In addition to getting a crash course in public works, Wuethrich has been using GIS to map storm sewers and catchment basins in the city and developed educational materials on green infrastructure and how to maintain stormwater ponds in the city. He also created a list of trees that, if approved by the city council, would shape what trees can be planted along city streets. The list prioritizes salt- and drought-tolerant native species that could adapt to a warmer, climate-changed future.

The summer scholar experience has underlined that getting involved matters. Said Wuethrich, “It makes a big difference what your local administrators are doing.”


Project: Eat Wisconsin Fish

For Jojo Hunt and Crow Idnani, this was the summer of fish. Paired with Food-Fish Outreach Coordinator Sharon Moen and Aquaculture Outreach and Education Specialist Emma Hauser in Superior, Wisconsin, the scholars spent their summers immersed in the commercial fishing and aquaculture industries across the state: visiting producers, learning about the industry and sharing what they’ve learned. Both scholars completed projects that seek to educate and connect consumers with fish caught or farmed in Wisconsin.

Jojo Hunt gives the thumbs up next to a large tank of fish

Jojo Hunt at the UW-Stevens Point Northern Aquaculture Demonstration Facility. Photo credit: Jojo Hunt

Hunt, a junior at the University of Denver majoring in GIS with minors in computer science and math, is updating the fish finder map on the Eat Wisconsin Fish website, which helps consumers find local businesses that raise or sell Wisconsin fish.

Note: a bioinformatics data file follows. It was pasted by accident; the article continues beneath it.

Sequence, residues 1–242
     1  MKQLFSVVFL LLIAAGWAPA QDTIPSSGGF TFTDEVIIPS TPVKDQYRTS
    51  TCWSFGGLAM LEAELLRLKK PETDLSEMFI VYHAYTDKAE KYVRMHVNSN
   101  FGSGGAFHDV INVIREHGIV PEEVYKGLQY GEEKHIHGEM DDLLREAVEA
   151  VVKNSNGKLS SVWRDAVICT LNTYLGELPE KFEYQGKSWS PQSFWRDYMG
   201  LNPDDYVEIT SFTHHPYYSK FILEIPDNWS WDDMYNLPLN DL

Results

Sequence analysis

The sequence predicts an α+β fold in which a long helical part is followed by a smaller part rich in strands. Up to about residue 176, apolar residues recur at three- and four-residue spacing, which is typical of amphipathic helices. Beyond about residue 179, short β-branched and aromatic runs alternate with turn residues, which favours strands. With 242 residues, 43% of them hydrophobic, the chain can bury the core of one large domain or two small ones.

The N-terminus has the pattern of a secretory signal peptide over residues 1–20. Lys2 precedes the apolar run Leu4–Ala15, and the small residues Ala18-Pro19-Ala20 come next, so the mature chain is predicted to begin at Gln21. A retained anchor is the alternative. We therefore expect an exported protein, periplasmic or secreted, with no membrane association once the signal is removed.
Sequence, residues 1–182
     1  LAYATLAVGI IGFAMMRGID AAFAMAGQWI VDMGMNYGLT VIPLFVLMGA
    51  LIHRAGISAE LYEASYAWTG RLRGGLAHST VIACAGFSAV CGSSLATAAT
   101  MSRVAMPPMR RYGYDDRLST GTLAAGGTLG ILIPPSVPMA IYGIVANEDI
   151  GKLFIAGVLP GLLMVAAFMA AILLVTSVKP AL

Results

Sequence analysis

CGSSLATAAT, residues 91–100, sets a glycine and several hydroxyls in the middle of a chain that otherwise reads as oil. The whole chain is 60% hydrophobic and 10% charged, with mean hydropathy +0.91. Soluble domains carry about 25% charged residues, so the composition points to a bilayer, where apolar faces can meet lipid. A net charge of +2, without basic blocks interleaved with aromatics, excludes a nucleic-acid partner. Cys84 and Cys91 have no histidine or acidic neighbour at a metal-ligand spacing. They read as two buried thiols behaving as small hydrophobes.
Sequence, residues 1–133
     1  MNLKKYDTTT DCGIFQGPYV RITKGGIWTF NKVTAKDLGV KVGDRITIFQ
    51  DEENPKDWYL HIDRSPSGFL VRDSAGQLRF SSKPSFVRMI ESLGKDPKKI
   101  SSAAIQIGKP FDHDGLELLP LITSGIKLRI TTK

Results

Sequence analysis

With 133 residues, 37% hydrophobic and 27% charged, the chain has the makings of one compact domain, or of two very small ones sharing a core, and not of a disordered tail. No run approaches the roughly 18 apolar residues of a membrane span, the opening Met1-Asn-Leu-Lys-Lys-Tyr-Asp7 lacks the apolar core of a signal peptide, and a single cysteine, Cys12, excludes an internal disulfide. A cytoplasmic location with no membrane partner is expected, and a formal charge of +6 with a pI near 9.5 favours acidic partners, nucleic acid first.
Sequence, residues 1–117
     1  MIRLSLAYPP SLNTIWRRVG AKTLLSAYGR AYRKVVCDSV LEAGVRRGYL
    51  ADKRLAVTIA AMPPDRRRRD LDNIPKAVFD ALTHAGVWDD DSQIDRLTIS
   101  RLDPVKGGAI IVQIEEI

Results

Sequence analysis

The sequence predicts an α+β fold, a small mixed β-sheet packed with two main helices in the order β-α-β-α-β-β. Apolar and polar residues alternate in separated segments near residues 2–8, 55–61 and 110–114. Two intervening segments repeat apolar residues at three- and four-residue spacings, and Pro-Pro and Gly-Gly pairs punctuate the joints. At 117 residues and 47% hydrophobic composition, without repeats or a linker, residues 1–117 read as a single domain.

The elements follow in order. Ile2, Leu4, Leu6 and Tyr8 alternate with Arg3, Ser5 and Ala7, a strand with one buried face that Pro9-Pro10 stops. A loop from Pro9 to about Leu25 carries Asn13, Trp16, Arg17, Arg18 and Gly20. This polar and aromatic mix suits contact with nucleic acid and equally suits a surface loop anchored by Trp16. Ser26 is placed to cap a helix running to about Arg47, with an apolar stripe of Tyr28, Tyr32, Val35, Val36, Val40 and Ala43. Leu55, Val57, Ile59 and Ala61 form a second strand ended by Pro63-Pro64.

“The main goal of the map is to bring more attention and awareness to where [the businesses] are and what they do and hopefully break some of those stereotypes,” she said, pointing to the misconception that farm-raised fish is unsustainable.

Hunt is also experimenting with different map-making tools to feature profiles of the producers alongside the data. “I thought it’d be kind of nice to see those right under the map to make the points have a story,” said Hunt.

Crow Idnani at the UW-Stevens Point Northern Aquaculture Demonstration Facility

Crow Idnani at the UW-Stevens Point Northern Aquaculture Demonstration Facility. Photo credit: Crow Idnani

Idnani is also working to dispel myths about aquaculture by suggesting updates to A Consumer’s Guide for Wisconsin Farm-Raised Fish, a publication of the UW–Stevens Point Northern Aquaculture Demonstration Facility (NADF) and the Wisconsin Department of Agriculture, Trade and Consumer Protection. The current guide provides an overview of the aquaculture industry in Wisconsin but can get overly technical. Idnani, a sophomore at Cornell University majoring in environmental science with an eye toward science communication, is reviewing the guide through a consumer lens so that it is more useful for the general public.